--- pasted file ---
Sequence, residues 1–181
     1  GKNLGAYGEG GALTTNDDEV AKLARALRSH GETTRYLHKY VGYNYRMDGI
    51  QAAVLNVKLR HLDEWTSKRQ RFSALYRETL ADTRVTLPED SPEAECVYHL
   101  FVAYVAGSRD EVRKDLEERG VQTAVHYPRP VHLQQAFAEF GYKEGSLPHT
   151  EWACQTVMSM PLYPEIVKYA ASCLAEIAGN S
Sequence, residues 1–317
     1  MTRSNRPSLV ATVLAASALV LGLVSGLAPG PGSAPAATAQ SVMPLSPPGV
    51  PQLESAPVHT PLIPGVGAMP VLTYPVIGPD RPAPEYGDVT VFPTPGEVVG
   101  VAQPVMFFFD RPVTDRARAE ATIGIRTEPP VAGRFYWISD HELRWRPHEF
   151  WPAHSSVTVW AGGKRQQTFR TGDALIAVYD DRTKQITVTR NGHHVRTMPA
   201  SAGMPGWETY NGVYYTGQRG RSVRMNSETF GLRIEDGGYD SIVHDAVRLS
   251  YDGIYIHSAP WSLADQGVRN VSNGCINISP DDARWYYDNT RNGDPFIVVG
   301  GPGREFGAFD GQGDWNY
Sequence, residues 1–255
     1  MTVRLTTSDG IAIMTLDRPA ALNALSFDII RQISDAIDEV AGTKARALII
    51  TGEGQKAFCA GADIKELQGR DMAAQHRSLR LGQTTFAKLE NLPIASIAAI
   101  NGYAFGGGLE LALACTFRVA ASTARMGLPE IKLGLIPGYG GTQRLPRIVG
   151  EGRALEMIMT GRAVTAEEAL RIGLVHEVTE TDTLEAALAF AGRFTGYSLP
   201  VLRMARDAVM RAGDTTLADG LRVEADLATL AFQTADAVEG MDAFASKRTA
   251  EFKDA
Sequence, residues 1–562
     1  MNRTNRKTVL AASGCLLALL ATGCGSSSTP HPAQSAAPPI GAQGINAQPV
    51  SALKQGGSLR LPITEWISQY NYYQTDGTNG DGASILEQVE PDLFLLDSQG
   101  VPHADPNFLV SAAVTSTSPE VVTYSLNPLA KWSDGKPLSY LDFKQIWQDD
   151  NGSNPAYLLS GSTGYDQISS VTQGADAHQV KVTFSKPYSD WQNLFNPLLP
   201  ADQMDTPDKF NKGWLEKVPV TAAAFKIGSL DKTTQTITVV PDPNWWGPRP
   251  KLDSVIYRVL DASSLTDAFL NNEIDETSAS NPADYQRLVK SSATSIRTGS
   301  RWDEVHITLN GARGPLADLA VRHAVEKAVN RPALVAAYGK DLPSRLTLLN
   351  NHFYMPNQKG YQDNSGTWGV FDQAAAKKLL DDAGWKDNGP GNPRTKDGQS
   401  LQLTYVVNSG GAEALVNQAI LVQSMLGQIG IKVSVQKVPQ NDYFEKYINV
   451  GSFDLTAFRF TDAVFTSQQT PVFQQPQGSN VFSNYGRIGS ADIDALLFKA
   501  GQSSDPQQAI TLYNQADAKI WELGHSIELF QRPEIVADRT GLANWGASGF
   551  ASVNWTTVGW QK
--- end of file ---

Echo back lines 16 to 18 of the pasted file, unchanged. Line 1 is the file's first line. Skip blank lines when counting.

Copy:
    51  TGEGQKAFCA GADIKELQGR DMAAQHRSLR LGQTTFAKLE NLPIASIAAI
   101  NGYAFGGGLE LALACTFRVA ASTARMGLPE IKLGLIPGYG GTQRLPRIVG
   151  EGRALEMIMT GRAVTAEEAL RIGLVHEVTE TDTLEAALAF AGRFTGYSLP